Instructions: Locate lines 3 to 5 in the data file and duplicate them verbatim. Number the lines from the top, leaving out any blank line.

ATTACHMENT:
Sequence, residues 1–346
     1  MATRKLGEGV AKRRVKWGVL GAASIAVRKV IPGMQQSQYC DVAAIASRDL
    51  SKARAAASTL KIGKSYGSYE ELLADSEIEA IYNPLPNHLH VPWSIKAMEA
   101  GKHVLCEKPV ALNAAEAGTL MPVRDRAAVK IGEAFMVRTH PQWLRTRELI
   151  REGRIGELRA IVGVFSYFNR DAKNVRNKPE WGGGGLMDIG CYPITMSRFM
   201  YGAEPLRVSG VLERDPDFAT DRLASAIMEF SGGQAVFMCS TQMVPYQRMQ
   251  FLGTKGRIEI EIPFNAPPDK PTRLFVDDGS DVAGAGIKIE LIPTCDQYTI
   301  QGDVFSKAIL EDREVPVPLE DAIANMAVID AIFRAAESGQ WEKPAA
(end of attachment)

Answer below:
    51  SKARAAASTL KIGKSYGSYE ELLADSEIEA IYNPLPNHLH VPWSIKAMEA
   101  GKHVLCEKPV ALNAAEAGTL MPVRDRAAVK IGEAFMVRTH PQWLRTRELI
   151  REGRIGELRA IVGVFSYFNR DAKNVRNKPE WGGGGLMDIG CYPITMSRFM